First For Women

Mouth breathing is exhausting millions of women


70% of women breathe through their mouth rather than their

nose. This significan­tly reduces nitric oxide, a substance produced in nasal passages that increases oxygen delivery to the lungs, says Ron Sinha, M.D., an internal medicine specialist in Palo Alto, California. “By breathing through your mouth, you limit oxygen delivery to your lungs.” This causes carbon dioxide levels to drop, so oxygen isn’t released as easily to your body’s tissues. During the day, mouth breathing can trigger fatigue, and at night, it raises the risk of snoring, which worsens exhaustion.

Adding to the problem: Mouth breathers tend to carry their head in a forward posture in an effort to get more air into the lungs. This puts extra tension on muscles and joints in the head and neck that can trigger pain.

Doctors typically diagnose mouth breathing based on symptoms, as well as the presence of problems like allergies, sinusitis and polyps that can impair nasal breathing. If your doctor determines you can breathe through your nose freely, the steps below can help restore energy.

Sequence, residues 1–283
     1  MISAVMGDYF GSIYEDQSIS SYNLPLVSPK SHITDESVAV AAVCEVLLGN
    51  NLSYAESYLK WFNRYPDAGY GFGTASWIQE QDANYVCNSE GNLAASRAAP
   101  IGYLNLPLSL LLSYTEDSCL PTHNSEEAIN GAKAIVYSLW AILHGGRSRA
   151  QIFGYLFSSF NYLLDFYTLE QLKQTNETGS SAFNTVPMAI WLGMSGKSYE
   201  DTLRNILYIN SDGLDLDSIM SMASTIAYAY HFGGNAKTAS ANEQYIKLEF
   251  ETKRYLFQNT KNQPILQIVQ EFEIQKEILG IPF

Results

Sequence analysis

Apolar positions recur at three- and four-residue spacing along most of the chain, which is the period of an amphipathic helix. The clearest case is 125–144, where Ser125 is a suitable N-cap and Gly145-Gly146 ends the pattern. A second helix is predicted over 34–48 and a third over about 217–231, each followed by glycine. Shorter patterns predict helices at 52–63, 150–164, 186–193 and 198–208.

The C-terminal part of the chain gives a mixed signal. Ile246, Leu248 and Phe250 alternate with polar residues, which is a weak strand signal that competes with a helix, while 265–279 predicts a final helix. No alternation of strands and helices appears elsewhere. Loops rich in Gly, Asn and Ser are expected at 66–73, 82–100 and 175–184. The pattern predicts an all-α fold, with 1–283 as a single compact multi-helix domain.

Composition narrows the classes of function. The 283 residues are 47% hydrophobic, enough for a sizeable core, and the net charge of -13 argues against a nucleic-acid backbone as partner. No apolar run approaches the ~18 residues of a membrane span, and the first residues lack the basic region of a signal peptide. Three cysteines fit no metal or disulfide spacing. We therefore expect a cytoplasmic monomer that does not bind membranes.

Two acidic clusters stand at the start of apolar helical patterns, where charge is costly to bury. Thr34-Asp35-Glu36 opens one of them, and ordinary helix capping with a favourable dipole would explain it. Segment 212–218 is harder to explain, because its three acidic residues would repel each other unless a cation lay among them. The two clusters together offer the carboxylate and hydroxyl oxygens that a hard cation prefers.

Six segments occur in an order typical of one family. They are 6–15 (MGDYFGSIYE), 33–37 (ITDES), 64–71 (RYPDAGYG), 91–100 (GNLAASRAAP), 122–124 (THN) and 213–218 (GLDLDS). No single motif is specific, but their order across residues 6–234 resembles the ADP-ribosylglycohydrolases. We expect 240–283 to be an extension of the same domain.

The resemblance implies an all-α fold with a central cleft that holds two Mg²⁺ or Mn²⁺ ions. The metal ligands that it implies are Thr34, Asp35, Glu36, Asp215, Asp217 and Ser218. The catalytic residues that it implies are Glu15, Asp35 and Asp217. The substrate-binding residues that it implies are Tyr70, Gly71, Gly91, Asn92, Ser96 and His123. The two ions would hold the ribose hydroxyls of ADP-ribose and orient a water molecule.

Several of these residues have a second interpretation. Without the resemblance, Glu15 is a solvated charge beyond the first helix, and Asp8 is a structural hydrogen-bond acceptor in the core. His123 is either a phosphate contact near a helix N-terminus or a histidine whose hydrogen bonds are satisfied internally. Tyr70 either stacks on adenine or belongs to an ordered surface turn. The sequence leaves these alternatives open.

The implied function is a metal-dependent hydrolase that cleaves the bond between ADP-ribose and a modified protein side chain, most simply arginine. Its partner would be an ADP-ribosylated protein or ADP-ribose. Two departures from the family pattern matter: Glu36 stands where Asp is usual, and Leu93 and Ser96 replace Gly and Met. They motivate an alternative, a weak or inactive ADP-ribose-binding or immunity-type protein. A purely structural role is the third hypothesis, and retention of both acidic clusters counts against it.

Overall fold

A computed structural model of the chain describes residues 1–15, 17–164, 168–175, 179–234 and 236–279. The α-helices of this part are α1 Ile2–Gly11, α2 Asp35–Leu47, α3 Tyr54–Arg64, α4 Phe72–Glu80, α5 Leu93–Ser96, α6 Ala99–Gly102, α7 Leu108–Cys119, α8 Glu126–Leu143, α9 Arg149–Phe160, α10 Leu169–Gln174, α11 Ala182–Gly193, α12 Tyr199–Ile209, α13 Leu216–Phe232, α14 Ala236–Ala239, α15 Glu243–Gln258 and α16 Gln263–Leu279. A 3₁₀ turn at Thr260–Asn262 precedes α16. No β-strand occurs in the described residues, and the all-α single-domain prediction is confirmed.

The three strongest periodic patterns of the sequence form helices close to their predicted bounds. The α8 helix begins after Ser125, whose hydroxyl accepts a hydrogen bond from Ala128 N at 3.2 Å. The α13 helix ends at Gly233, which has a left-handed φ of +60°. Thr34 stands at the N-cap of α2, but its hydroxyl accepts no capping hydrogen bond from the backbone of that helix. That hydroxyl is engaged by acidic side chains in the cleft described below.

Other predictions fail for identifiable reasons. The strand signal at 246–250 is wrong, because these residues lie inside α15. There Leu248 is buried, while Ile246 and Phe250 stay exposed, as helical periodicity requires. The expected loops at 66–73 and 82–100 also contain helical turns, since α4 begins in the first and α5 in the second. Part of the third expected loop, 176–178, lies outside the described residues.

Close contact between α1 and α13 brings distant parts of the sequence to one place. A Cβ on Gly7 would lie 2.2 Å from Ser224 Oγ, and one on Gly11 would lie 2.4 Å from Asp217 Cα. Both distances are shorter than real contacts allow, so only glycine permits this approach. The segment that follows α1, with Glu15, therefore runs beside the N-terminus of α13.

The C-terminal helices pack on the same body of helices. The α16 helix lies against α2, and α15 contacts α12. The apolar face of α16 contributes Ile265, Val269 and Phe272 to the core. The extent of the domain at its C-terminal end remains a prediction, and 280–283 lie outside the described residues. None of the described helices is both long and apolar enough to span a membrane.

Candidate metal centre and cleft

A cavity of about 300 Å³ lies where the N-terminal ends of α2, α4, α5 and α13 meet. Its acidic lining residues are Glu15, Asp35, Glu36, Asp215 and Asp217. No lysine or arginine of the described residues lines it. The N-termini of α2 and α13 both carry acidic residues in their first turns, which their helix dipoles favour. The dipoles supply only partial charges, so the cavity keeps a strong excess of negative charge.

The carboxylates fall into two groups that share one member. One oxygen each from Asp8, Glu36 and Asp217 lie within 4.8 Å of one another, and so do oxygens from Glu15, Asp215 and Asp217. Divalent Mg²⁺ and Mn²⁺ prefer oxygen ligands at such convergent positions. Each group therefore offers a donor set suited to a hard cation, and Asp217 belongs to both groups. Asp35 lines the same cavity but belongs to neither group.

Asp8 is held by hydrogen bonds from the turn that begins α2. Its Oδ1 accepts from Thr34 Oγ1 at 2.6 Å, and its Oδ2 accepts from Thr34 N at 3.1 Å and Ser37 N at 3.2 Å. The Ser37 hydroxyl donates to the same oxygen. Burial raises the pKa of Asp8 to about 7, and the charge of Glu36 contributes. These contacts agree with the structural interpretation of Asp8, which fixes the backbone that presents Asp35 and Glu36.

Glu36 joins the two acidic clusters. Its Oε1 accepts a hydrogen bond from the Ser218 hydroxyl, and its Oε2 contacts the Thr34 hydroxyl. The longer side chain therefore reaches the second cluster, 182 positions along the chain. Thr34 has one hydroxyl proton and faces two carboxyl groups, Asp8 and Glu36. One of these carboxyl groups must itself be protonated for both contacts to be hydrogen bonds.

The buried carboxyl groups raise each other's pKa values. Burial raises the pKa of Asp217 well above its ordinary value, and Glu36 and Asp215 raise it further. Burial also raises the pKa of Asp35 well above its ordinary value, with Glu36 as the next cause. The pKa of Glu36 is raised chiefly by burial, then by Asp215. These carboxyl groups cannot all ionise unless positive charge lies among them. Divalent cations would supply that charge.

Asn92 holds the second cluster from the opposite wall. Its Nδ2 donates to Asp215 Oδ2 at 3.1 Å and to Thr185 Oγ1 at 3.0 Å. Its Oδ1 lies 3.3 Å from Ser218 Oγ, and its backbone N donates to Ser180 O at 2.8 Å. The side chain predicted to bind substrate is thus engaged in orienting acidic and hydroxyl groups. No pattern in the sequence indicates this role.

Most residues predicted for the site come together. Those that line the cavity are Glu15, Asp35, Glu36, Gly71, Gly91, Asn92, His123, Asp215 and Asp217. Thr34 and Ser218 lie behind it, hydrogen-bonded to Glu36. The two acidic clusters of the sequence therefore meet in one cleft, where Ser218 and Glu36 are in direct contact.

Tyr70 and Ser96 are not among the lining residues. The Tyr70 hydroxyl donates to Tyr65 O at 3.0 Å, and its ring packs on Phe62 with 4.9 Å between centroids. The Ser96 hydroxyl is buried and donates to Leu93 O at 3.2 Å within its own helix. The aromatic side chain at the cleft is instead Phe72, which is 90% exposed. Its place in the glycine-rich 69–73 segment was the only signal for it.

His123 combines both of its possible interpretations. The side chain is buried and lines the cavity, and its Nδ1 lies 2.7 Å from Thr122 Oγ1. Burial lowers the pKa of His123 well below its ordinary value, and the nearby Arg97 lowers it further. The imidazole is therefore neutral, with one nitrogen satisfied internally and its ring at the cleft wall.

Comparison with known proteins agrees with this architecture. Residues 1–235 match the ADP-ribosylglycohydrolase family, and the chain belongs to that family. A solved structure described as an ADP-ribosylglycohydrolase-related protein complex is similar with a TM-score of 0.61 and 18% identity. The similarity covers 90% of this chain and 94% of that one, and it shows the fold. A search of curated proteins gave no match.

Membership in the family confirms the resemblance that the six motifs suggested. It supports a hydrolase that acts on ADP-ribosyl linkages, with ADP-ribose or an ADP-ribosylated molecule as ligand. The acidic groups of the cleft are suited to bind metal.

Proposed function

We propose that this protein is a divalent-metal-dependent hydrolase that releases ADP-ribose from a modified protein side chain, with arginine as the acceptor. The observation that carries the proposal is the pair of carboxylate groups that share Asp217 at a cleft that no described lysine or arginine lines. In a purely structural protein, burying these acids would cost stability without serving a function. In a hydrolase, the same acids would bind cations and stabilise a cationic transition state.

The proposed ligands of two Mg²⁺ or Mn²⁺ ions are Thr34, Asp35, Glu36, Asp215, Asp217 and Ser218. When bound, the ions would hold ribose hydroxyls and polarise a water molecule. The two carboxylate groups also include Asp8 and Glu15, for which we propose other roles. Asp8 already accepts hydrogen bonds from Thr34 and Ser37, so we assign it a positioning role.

Taking ‘belly breaths’ retrains the body to restore nasal breathing.

To do: Sit up in a relaxed position with one hand on your chest and one on your belly. With your mouth closed, inhale slowly through your nose so your stomach expands against your hand (your other hand won’t move), then exhale slowly through your nose so your belly goes back to its original position. Repeat for 2 to 3 minutes a few times a day.

Try nasal rinsing. It eases blockages caused by mucus and inflammati­on that encourage mouth breathing. Dr. Sinha advises using a neti pot filled with saline solution daily.

Newspapers in English

Newspapers from United States